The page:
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FTI bankruptcy delivers critical blow to Turkish tourism

FTI bankruptcy delivers critical blow to Turkish tourism The blue-flagged beach of Lara beach resort is a long sandy beach located east of Antalya, Türkiye.
By Huseyin Kurt
Jun 5, 2024 2:22 PM

In a development that has sent shockwaves through the tourism industry, the German travel giant FTI has declared bankruptcy. While it was known that FTI was grappling with severe financial difficulties and seeking ways out, the timing of this collapse – just before the peak season – could not have been worse.

FTI is a significant player, responsible for sending around 1 million visitors to Türkiye each year. The repercussions of this bankruptcy are profound and multifaceted, affecting the Turkish tourism sector in three major ways.

Psychological impact on season-ready nation

First and foremost is the psychological impact. Having meticulously prepared for the summer season, Türkiye faces a blow to its morale. The anticipation of a robust tourism season, crucial for an economy striving to rebound, is now tinged with uncertainty. The failure of such a prominent partner inevitably casts a shadow over the sector’s overall outlook.

Financial strain on hotels and service providers

Secondly, the financial ramifications for hotels and service providers cannot be overstated. These businesses, which rely heavily on the influx of tourists facilitated by operators like FTI, are now staring at significant disruptions in their reservation and payment balances. The sudden halt in expected business translates directly into financial losses, and for many smaller operators, this could spell a crisis of existential proportions.

Erosion of tourist trust

Thirdly, there is the issue of trust from the tourists’ perspective. The collapse of FTI shatters the confidence of travelers who had plans to visit Türkiye. The logistical nightmare of canceled trips and the hassle of obtaining refunds create a reluctance to rebook, even with other firms. This trust deficit could have a lingering effect, as potential visitors may be wary of similar disruptions in the future.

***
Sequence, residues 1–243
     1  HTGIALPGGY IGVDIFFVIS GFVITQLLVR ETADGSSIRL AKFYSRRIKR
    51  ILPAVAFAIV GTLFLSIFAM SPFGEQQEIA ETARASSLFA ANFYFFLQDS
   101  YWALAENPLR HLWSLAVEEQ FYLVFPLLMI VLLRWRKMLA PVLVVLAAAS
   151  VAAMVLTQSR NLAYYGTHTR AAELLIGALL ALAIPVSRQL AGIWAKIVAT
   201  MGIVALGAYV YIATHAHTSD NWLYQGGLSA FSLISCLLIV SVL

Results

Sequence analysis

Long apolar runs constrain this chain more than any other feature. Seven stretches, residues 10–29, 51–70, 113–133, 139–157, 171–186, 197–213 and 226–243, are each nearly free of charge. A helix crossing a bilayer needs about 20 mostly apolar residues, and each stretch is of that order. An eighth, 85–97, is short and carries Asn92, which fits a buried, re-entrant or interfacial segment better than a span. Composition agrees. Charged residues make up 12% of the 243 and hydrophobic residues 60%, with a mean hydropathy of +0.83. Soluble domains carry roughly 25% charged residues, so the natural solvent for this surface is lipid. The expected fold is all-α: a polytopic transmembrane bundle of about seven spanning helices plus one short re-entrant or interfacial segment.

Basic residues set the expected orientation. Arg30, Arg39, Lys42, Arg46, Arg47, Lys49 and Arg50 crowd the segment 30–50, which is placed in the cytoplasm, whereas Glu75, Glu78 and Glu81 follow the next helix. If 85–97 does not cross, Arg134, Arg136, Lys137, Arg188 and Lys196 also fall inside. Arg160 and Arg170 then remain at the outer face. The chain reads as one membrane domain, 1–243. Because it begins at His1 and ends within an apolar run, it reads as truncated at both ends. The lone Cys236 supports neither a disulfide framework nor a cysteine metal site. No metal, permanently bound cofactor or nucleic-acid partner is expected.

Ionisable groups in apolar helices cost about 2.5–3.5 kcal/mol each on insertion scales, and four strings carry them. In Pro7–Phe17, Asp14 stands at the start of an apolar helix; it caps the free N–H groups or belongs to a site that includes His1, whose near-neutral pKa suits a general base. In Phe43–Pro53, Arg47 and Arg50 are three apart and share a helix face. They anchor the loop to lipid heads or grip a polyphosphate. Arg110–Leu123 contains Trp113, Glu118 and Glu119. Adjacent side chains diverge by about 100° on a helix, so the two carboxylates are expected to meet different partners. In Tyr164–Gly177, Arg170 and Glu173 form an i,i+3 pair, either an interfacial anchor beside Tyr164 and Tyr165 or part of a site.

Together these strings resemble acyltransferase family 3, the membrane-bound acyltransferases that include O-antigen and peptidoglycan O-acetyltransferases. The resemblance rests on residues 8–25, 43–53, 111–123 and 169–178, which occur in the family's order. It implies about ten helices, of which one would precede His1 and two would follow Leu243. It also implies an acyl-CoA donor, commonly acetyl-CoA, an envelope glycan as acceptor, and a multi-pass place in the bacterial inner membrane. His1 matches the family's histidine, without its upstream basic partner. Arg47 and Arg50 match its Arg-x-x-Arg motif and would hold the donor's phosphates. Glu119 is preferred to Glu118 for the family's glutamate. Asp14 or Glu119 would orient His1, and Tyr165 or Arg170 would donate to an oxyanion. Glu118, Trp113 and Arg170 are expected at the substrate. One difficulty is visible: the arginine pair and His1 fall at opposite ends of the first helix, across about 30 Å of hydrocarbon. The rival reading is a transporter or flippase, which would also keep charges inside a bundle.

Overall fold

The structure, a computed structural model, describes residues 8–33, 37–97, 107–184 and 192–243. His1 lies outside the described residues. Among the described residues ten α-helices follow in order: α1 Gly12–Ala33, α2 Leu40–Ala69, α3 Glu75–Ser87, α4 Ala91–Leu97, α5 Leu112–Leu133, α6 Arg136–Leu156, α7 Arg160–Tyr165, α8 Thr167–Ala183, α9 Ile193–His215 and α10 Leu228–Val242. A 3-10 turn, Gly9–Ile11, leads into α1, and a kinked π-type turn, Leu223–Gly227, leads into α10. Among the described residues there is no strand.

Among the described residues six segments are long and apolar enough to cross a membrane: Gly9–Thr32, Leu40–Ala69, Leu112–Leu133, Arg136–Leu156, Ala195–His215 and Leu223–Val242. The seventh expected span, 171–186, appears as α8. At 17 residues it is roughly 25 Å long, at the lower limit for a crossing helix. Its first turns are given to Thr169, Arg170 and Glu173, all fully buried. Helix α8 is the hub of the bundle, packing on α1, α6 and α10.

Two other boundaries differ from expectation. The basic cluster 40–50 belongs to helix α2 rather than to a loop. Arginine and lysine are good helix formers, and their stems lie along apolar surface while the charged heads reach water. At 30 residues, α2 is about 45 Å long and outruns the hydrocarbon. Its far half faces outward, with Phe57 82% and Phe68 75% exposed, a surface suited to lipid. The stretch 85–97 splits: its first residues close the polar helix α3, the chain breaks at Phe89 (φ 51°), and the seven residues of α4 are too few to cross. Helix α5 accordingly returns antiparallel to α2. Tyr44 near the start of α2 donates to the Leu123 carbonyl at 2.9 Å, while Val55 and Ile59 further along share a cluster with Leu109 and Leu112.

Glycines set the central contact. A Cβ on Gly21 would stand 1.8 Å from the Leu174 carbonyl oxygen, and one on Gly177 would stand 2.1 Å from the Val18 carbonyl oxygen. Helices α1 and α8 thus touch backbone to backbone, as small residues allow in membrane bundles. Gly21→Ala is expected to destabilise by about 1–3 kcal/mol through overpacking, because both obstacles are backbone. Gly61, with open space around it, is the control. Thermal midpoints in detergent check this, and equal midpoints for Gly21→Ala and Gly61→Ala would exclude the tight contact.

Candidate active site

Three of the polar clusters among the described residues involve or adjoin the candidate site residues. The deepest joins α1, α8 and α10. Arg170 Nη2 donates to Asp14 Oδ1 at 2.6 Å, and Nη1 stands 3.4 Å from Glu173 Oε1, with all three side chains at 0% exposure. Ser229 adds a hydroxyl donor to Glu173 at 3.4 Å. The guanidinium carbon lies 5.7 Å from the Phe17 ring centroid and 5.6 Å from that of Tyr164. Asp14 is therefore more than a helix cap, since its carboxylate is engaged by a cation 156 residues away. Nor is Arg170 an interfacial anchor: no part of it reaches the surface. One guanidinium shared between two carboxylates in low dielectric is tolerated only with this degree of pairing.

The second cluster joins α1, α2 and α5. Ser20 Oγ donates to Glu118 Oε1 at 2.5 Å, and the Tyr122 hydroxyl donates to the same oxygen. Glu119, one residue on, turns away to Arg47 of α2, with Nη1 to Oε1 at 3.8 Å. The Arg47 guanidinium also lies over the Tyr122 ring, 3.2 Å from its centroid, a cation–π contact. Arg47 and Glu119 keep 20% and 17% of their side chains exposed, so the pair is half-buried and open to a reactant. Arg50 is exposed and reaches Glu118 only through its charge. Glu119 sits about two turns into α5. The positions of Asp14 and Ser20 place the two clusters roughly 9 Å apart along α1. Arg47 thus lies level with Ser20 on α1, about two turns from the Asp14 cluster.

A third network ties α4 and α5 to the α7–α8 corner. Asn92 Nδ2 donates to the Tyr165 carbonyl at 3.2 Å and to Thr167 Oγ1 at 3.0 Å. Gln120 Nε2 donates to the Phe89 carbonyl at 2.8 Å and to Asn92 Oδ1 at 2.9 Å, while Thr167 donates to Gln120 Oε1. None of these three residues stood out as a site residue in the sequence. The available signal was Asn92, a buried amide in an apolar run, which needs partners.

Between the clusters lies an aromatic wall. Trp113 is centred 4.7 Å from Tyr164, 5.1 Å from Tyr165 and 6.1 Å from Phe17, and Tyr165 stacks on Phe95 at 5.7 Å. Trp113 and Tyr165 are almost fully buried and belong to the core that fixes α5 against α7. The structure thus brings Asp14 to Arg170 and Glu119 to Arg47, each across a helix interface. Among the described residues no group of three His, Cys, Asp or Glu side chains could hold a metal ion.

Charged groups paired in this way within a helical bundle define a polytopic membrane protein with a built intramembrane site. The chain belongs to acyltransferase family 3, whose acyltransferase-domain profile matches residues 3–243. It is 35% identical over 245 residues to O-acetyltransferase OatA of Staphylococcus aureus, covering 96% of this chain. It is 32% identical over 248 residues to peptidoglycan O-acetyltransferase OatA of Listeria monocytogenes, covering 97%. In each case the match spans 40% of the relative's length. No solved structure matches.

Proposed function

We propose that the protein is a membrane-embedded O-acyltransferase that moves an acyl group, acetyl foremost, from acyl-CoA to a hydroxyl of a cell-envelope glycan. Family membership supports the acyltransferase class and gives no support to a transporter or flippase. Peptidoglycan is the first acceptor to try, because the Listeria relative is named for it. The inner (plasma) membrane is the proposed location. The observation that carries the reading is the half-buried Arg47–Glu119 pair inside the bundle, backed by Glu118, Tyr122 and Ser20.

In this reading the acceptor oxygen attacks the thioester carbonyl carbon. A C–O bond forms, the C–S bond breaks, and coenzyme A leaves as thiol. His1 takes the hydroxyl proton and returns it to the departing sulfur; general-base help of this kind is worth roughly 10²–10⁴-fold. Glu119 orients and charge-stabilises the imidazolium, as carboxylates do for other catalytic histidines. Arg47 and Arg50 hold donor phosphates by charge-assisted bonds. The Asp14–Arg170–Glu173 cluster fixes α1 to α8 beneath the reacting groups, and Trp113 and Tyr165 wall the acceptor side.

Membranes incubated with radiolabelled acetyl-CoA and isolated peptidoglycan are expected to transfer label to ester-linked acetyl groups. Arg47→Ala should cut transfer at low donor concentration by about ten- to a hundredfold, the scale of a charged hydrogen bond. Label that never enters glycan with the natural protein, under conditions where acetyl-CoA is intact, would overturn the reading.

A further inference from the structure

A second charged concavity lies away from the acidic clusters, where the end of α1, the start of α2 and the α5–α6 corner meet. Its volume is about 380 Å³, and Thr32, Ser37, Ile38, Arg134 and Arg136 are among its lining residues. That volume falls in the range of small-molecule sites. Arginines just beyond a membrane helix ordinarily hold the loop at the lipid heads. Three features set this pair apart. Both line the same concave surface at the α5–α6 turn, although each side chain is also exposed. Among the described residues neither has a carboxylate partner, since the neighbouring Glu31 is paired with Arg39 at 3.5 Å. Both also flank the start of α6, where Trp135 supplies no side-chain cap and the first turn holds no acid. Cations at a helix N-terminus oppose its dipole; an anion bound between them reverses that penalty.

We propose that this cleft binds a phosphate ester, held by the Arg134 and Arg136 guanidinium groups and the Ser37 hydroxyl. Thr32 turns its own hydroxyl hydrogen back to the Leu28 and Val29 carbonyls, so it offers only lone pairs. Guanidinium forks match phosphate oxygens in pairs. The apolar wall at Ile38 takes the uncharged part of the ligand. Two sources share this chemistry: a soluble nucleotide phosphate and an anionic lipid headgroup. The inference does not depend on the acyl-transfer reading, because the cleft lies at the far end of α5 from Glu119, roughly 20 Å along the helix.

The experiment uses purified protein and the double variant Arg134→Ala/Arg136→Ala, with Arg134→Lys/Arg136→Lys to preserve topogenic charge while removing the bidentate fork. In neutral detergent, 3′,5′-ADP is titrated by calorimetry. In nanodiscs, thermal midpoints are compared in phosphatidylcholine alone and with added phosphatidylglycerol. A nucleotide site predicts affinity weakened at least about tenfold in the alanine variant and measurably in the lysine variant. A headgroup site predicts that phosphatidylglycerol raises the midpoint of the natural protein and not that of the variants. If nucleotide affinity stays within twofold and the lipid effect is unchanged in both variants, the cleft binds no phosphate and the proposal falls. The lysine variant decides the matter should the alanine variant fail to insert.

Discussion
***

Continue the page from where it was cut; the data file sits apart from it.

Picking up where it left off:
Immediate impacts on planned travels

For trips that had not yet commenced, as of June 4, they will no longer proceed. The necessity of refunding affected customers places a considerable burden on insurance companies and funds, exacerbating the crisis’s financial fallout.

FTI’s presence in Türkiye: A double-edged sword

FTI’s operations in Türkiye are also significant, with the company owning 11 hotels within the country. These hotels had just geared up for the season, and while the immediate effect might not be catastrophic, the ripple effects could still emerge in due course. Preliminary estimates indicate that FTI owes approximately 40 million ($43.5 million) to 50 million euros to hotels in Alanya and a staggering 150 million to 200 million euros to those in Antalya.

Resilience of Mediterranean market

Despite this grim scenario, there is a silver lining. The dynamic nature of the Mediterranean market, especially in key areas like Alanya and Antalya, suggests a potential for quick recovery. The market can adapt by attracting local tourists or tapping into demand from other markets to compensate for the shortfall. The resilience and flexibility of Turkish tourism will be tested, but there is hope that it can weather this storm.

Test of resilience

In conclusion, the bankruptcy of FTI is a significant setback for Turkish tourism, particularly given its timing. However, with strategic adjustments and a focus on diversifying the tourist base, there is potential to mitigate the damage and sustain the sector’s momentum. The resilience of Türkiye’s tourism industry will once again be put to the test, but it can emerge stronger and more versatile from this challenge.

FTI bankruptcy delivers critical blow to Turkish tourism

Huseyin Kurt, a graduate of Istanbul Aydin University in Tourism and Hotel Management, commenced his career at Swissotel Istanbul in 2002. He subsequently served as Regional Manager at Setur Kemer in Antalya, overseeing approximately 1,500 events from 2008 to 2013. Elected President of the International MICE Industry Association in 2019, and re-elected in 2022, he co-founded GLOBEMEETS in 2021 to bolster Türkiye’s tourism promotion efforts globally. Previously a TURSAB Board Member and Chair of TURSAB MICE, he has also contributed to the Istanbul Metropolitan Municipality Tourism Platform and other industry associations. Kurt is fluent in English and Macedonian.

Last Updated:  Jul 22, 2024 6:09 PM